The car as a status symbol can be used as a visible means to display wealth, costing as much as a modest home. Even in the People’s Republic, someone driving past in say a large black Audi is making a statement of importance, “I am a big man! I count!” The status mentality is involved, but it is not some hot young guy out cruising. Automobiles in the US are more colourful and from where Lou hails from in Massachusetts, there is a new concept of environmentally conscious status in hybrid cars. These half gas / half electric green vehicles are less polluting, quieter and smaller. They’re taking the place of the typical giant American SUV (sport utility vehicle), which is almost a van anyway.
The cost of electric bicycles (or scooters) in Chengdu completely amazed Lou when he first read a sale sign on them. The figure got him thinking that it must be missing a zero. In America, the cost would be ten times more. The most plausible reason for not having these scooters back home is the electricity supply is basically 110 volts, which means it would take twice as long to charge up the batteries. China is 220 volts, the same as Australia, Europe, Africa and most of Asia. Upon further thought, Lou Conover concluded that these scooters don’t really go faster than twenty to twenty five miles per hour. Americans are used to going faster than that within the painted lines on the roads.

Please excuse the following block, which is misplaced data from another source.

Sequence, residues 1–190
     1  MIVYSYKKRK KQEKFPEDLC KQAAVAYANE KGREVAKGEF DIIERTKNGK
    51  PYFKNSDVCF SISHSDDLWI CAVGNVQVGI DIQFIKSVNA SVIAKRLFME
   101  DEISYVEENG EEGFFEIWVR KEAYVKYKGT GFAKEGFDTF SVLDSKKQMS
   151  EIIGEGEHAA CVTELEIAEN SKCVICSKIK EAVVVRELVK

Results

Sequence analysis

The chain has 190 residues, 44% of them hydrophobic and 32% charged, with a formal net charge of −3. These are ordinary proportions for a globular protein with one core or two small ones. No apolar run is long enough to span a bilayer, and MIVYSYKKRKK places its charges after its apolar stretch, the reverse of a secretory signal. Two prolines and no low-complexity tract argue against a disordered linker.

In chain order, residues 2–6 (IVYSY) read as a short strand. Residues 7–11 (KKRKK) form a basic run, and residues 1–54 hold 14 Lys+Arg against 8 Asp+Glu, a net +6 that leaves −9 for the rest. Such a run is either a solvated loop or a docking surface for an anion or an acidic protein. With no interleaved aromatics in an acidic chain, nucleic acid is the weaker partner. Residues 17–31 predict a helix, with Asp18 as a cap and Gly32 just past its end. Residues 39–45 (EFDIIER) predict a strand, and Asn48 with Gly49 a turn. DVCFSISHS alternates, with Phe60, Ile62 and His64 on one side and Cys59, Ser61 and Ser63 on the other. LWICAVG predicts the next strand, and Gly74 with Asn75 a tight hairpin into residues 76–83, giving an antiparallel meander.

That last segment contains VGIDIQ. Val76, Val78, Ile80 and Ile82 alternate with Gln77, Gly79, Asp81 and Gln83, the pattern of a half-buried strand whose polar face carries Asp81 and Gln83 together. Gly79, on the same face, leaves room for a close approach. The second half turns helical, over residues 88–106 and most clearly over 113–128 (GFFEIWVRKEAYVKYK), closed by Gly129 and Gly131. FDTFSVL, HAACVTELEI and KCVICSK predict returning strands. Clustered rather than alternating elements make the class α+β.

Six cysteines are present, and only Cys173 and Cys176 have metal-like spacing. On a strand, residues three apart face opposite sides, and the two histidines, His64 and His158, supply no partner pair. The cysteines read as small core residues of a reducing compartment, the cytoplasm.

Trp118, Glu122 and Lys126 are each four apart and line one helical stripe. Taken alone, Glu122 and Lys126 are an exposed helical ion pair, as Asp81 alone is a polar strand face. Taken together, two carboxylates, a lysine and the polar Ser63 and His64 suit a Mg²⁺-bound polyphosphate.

Expatriate writer Warren Rodwell has been in China since 2002, and teaches university postgraduates in Chengdu. Many of his feature stories, reviews and photographs have been published online or in hardcopy media form. Warren also narrates documentaries and administers various websites as part of his efforts to promote Chengdu and Sichuan culture more globally.